South Korea's most popular beach resort gets trashed by a tsunami.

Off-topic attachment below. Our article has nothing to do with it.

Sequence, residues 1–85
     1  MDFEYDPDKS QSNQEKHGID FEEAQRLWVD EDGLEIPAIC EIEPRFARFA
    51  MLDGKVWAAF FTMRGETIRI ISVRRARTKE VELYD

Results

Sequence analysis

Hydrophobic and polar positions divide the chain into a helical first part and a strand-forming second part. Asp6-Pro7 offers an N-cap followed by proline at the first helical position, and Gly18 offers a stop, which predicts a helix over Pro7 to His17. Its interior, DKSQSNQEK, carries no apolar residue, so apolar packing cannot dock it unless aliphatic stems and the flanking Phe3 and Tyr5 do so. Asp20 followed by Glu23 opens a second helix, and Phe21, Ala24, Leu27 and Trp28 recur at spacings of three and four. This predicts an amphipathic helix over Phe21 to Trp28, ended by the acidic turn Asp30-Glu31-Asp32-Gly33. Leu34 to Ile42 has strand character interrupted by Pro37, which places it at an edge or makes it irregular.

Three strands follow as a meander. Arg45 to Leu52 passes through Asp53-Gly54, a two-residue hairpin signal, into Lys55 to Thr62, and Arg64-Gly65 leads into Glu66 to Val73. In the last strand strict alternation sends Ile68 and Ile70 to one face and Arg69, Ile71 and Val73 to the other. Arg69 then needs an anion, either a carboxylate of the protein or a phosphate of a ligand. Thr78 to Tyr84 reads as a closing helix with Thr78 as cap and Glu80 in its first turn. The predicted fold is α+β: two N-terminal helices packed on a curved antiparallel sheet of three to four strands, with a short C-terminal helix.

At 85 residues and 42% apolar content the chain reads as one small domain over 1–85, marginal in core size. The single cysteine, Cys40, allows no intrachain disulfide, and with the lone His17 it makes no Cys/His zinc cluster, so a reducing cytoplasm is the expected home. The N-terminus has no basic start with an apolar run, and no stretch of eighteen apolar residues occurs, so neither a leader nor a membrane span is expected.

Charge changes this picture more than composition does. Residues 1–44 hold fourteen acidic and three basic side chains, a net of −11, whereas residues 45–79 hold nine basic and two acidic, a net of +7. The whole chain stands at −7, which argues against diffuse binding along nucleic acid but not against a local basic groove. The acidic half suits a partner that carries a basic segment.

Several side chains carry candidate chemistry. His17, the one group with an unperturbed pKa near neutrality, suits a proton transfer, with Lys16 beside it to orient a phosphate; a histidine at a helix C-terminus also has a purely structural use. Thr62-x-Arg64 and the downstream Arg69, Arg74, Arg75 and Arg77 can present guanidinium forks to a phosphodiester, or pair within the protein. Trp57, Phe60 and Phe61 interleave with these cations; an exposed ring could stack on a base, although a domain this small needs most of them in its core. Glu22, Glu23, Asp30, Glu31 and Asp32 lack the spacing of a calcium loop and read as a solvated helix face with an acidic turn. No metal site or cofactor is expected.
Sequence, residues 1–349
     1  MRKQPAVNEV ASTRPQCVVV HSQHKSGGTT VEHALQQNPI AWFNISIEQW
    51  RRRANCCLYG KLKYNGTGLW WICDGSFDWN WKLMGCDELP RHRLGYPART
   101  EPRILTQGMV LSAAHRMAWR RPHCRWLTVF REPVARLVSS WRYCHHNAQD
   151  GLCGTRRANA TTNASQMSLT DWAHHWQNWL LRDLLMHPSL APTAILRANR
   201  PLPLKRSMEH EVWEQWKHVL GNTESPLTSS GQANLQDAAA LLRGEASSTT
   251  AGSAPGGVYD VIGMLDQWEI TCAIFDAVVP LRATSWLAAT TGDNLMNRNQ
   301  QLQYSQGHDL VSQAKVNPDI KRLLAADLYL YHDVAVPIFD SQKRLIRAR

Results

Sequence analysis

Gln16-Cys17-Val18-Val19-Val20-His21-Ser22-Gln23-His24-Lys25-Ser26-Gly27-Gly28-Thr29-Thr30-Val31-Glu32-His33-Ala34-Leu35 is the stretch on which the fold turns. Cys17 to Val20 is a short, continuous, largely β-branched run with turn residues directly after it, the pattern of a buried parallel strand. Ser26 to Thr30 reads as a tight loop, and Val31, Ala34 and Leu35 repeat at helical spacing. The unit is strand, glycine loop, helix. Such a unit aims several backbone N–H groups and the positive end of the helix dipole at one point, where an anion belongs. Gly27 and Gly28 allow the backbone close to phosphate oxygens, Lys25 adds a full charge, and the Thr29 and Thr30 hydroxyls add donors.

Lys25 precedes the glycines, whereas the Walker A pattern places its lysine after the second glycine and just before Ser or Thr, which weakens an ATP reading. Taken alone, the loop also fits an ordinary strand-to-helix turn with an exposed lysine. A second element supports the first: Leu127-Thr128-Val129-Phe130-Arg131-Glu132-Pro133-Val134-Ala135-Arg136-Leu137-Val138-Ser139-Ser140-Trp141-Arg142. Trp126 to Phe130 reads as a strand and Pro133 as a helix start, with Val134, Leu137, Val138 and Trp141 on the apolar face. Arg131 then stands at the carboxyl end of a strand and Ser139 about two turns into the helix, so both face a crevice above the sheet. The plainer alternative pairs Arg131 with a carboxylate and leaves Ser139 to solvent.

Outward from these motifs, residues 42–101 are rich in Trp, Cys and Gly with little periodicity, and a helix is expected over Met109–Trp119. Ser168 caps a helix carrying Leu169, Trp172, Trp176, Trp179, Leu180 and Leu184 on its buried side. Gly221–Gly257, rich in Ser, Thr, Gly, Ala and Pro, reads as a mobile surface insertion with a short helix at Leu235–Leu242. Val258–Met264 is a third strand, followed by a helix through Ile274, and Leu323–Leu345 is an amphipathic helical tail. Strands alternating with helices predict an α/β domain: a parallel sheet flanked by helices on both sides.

South Korea’s most popular beach resort gets trashed by a tsunami — but the characters triumph over the CGI — in “Haeundae,” the first full-on disaster movie from the peninsula. This thoroughly entertaining, tightly cut slice of widescreen hokum goes the usual route of focusing on a small, dysfunctional group before the badass brine hits, but with much more leavening humor than most Western efforts. Its July 22 release swamped local theaters, taking a beefy 2 million admissions (some $15 million) in its first five days; offshore, it’ll be more of a specialty curio, especially after Sony/Columbia’s “2012″ overwhelms the planet in November.The past couple of years have seen London underwater (“Flood”), China ravaged (“Super Typhoon”) and Tokyo’s subway waterlogged (“252″). Overall, “Haeundae” is the best of the bunch, and its $10.5 million tab, huge by local standards, is all up on the screen. Haeundae is part of the southern coastal sprawl that makes up Busan, the country’s second biggest city and home to its best-known film fest. The pre-credits sequence, set in December 2004, references a (real-life) milder event, as a deep-sea trawler is caught in a heavy storm-cum-tsunami. One man dies, trapped under equipment. On board that night was Choi Man-shik (Seol Gyeong-gu) who, in August 2009, still blames himself for the accident. Choi hasn’t been to sea since, drowning his sorrows in drink while trying to care for his young son (Cheon Bo-geun). Meanwhile, Choi’s longtime g.f., Gang Yeon-heui (Ha Ji-weon), who happens to be the dead man’s daughter, runs a small seaside fish eatery while waiting patiently for Choi to propose. Script by helmer Yun Je-gyun (a Busan native) wastes no time drawing connections among a small cluster of characters. They include Choi’s handsome younger brother, lifeguard Hyeong-shik (Lee Min-gi), who, after rescuing an oversexed college student from Seoul (Gang Ye-weon), spends the rest of the movie fending off her rich jock admirer. Also in the frame are Choi’s uncle (Song Jae-ho), a wealthy property developer; Kim Hwi (Park Jung-hun), a marine geologist involved in the earlier tsunami; and Kim’s careerist ex-wife, Lee Yu-jin (Eom Jeong-hwa), in town for a business event along with the young daughter Kim never knew he had. The opening hour of most disaster movies generally reps a tiresome waiting game before the effects kick in. But in brief strokes, “Haeundae” manages to sketch a likable collection of drunks, losers and people just getting by in life that’s entertaining on its own terms. (Choi’s drunken escapade at a baseball game is a case in point.) In one magical sequence, all the characters enjoy a brief moment of true romance and happiness during a fireworks display that cements the pic’s emotional framework. The second hour, as Park vainly tries to persuade the Disaster Prevention Agency that a real mutha is on its way following an undersea earthquake, sees all the characters trapped in individual situations when the tsunami rolls in. Visual effects, supervised by Hans Uhlig (“The Day After Tomorrow”) and masterminded by Marin County’s Polygon Entertainment, are OK, especially for a movie in which they’re the cherry on the cake rather than the whole bakery. Special effects, utilizing some original, half-comic ideas, are generally more impressive. A dramatic lead with an impressive resume, Seol (“Public Enemy,” “Oasis”) makes attractively light work of his loser/drunk, and is nicely balanced by the charismatic Ha — a regular in Yun’s movies (“Sex Is Zero,” “Miracle on 1st Street”) — as his smiley-eyed, practical other half. Other perfs are more rote. Editing by Shin Min-gyeong, some 10 minutes tighter than originally announced, wastes little time. Lee Byeong-woo’s big score is overdone in the final reels.